My column on the Postville immigration raid drew quite a bit of mail. Most agreed with me that congressional paralysis on both immigration reform and on reining in the excesses of the nation’s meatpacking industry made Postville’s trauma possible.
I received lots of mail, but the most poignant paragraph came from Roger Engstrom of Postville, a Vietnam vet who said he has worked at Agriprocessors for a decade.
The Monday morning the Federal Officers burst (best word available) into my office at Agri, my first, very first, thoughts were of raids on South Vietnam villages 37 plus years ago.
And then I was at the same church you were at here in Postville and I saw the same fear in the eyes of the people there that I had seen in the villagers. The children’s eyes in that church had this 57 year old fat white guy crying his eyes out in guilt and shame of past acts, and in frustration of current situations.
Richard Lenth, who said he grew up in Postville and still has familiy in the community, argued in an e-mail that the government ignored warnings of what was happening at the plant.
Early pleas for help from the people of Postville were generally met with caustic responses that they were racist bigots. To hear state and federal government officials now claiming they had no idea that there were any problems is an absolute denial of the truth. I will forever believe that had pleas for help from the people of Postville been properly addressed as they arose we would never have reached this point.
Several writers had sympathy for the plight of the workers and their families, even though many came to our country illegally. Nanci Young was among them:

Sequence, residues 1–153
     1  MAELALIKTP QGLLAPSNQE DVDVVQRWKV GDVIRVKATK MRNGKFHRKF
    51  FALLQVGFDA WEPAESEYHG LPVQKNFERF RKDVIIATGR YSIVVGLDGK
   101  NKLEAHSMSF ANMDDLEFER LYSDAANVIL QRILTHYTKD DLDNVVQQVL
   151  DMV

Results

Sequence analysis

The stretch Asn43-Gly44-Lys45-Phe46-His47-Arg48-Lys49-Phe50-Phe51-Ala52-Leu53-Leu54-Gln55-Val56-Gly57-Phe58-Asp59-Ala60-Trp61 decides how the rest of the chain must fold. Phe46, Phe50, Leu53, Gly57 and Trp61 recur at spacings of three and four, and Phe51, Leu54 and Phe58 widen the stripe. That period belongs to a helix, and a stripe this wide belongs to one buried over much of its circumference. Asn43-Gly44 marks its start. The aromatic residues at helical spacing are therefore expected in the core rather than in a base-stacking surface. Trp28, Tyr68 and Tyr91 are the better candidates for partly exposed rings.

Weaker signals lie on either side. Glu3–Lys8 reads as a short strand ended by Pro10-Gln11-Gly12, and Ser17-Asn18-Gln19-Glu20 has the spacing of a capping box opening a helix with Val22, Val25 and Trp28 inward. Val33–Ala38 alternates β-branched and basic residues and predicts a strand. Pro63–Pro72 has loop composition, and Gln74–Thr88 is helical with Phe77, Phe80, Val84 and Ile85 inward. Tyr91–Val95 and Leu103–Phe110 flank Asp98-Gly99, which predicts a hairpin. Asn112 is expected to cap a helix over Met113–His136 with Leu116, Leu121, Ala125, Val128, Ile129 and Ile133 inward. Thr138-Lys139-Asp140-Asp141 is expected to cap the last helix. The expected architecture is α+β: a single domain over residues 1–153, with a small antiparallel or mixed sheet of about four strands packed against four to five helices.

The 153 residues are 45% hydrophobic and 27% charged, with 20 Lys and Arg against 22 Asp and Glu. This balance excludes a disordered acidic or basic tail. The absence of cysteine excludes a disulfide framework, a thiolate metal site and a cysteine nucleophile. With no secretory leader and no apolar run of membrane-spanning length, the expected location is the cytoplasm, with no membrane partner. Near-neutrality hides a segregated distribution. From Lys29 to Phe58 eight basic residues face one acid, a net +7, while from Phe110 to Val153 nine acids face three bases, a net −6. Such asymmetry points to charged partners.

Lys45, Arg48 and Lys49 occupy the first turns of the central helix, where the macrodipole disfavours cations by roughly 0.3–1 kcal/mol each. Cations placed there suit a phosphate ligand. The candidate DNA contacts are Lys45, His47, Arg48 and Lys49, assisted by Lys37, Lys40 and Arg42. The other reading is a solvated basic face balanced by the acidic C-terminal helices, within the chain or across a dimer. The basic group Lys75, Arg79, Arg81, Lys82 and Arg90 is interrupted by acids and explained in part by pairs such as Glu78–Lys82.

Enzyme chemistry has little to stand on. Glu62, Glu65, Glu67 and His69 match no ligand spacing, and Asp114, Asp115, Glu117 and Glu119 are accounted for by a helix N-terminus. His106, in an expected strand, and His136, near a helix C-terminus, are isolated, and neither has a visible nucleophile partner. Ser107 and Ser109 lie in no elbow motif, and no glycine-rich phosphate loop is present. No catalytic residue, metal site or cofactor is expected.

The people in Postville seeking a better life are not that far removed from our ancestors who came to the US seeking a better life. They are human beings who inherently deserve to be treated with respect and dignity. I don’t have a solution to the problem of illegal immigration. But I sure as heck know that the answer is NOT to devastate a town and several families, children, couples, and in general, people.
Martha Zipsie wrote to express her admiration for the legal immigrants she’s worked with at Kirkwood:
For over 25 years I’ve been a volunteer tutor in the ESL program for Kirkwood, and while I’ve never known an illegal immigrant, I’ve known plenty of legal ones and seen how hard they work(2, 2 and 4 jobs) to make a better life for their families. I always tell them how much I admire their courage and determination. I would never make it in their countries.
But Scott Welty was not sympathetic.
Now let me get this straight, I’m suppose to feel sorry for what happened to the people that were in this country illegally? I don’t think so! Ain’t gonna happen! No way, no how.
A couple of readers also, rightly, took me to task for my grammar. Bev Amoroso, a former Kirkwood instructor, was one with an eagle eye:
“Myself” is a reflective pronoun when one wishes to place emphasis; for instance, “I, myself, will do it.” Many people confuse the correct usage of “myself” and “me,” perhaps thinking that it is in some way self-promoting when, in fact, it is incorrect grammar.
In your column today you stated “. . . woman told Gazette video journalist Mike Barnes and myself to leave, pronto.” The correct usage should be as follows: “. . . woman told Gazette video journalist Mike barnes and ‘me’ to leave, pronto.”
Keep up the good work but do use correct grammar!
Keep those e-mails, comments and grammar lessons coming.